One of the biggest gaps in biological knowledge today is the ability to predict an organism’s physical characteristics – its phenotype – from what is known about its genetics. Understanding this relationship can lead to numerous benefits, from new disease treatments to better crop yields.

To this end, the National Science Foundation has issued $14 million in grants for the development of new research tools to unravel the dynamics between gene function and phenotype in a variety of organisms. Among the awardees are collaborators Gary Gorbsky of Oklahoma Medical Research Foundation and Marko Horb, Associate Scientist and Director of the National Xenopus Resource at the Marine Biological Laboratory (MBL).

Gorbsky and Horb, who began collaborating in 2015 when Gorbsky was an MBL Whitman Center investigator, aim to develop novel genomic tools for studying frogs (Xenopus) and other amphibians, which are important model systems for understanding vertebrate physiology and development.

“This project embodies the ability of the MBL to create new collaborations,” said David Mark Welch, Interim Director of the MBL Division of Research. “The work Marko and Gary will be doing is central to the MBL’s ongoing development of new model systems for environmental and biomedical research.”

Despite the long history of using amphibians to model disease states and other aspects of vertebrate physiology, research is constrained by difficulties in generating embryos with precisely defined mutations in each copy of a given gene. (Many amphibians have four sets of chromosomes in each cell; humans have two.) Gorbsky and Horb plan to generate novel cell lines from Xenopus tropicalisXenopus laevis and the axolotl Ambystoma mexicanum. Using precision genome editing technologies, such as CRISPR-Cas9, Gorbsky and Horb plan to generate mutant cell lines that have specific gene alterations. The nuclei from these engineered cells can then be transferred to amphibian eggs that have had their nuclei inactivated; in some instances, this ‘nuclear transfer’ procedure produces dividing embryos with the desired gene alterations. Eventually, the scientists hope to generalize their approach to generating mutants in a wide variety of vertebrate and invertebrate species, especially in emerging model systems.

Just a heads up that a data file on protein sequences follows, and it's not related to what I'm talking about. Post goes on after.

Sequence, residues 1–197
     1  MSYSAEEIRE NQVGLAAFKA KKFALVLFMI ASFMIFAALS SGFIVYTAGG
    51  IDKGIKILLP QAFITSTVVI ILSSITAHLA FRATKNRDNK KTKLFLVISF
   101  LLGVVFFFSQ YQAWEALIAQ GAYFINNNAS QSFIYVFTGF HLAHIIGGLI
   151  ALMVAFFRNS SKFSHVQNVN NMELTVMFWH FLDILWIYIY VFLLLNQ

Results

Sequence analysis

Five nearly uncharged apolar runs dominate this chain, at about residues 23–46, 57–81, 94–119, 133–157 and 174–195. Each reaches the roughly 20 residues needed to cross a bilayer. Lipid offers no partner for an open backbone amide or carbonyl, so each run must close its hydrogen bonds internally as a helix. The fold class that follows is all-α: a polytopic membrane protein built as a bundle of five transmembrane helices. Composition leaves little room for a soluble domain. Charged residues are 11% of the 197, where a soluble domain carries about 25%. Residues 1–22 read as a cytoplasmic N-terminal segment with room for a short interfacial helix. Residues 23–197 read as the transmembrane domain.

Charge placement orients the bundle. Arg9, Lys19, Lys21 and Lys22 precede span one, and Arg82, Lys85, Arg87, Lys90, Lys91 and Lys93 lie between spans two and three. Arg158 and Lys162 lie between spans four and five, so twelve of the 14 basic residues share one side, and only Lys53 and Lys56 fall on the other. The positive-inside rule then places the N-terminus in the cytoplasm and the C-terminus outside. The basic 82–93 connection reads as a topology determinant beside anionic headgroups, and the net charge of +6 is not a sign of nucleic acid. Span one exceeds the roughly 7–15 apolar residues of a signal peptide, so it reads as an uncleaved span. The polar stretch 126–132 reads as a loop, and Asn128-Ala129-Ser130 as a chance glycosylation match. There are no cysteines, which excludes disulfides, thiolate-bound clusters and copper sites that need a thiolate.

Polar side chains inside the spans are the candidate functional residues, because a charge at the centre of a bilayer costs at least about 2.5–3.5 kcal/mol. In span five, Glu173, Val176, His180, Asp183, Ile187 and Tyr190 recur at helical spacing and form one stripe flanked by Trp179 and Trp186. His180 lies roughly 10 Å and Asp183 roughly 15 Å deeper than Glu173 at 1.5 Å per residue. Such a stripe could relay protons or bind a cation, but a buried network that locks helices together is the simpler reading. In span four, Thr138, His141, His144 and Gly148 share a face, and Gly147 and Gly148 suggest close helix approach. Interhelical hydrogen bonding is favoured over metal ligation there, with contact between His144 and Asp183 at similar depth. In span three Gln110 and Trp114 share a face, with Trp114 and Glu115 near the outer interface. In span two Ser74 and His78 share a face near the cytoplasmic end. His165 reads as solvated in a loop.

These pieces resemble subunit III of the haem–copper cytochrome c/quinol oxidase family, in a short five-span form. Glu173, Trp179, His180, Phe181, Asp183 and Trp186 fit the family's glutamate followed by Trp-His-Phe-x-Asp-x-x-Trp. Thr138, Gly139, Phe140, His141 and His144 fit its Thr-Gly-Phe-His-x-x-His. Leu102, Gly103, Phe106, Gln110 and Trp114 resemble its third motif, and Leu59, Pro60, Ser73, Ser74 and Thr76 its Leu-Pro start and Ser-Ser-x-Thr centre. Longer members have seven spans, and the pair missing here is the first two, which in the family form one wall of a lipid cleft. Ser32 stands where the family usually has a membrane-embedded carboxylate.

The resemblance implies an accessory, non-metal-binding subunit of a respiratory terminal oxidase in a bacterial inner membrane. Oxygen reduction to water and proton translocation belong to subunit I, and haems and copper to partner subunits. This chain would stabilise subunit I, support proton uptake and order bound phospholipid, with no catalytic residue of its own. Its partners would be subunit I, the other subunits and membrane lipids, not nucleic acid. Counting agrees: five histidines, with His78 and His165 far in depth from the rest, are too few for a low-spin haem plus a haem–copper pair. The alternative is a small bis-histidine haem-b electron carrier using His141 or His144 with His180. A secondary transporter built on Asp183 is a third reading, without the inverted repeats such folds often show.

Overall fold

This project is intimately tied to the mission of the National Xenopus Resource at MBL, which is to assist scientists in making use of amphibian models, to develop new research technologies, and to disseminate them to the scientific community.

Feature photo: Marko Horb of the Marine Biological Laboratory, left, and Gary Gorbsky of Oklahoma Medical Research Foundation began their collaboration when Gorbsky came to the MBL as a Whitman Center scientist in 2015. Credit: Daniel Cojanu


The Marine Biological Laboratory (MBL) is dedicated to scientific discovery – exploring fundamental biology, understanding marine biodiversity and the environment, and informing the human condition through research and education. Founded in Woods Hole, Massachusetts in 1888, the MBL is a private, nonprofit institution and an affiliate of the University of Chicago.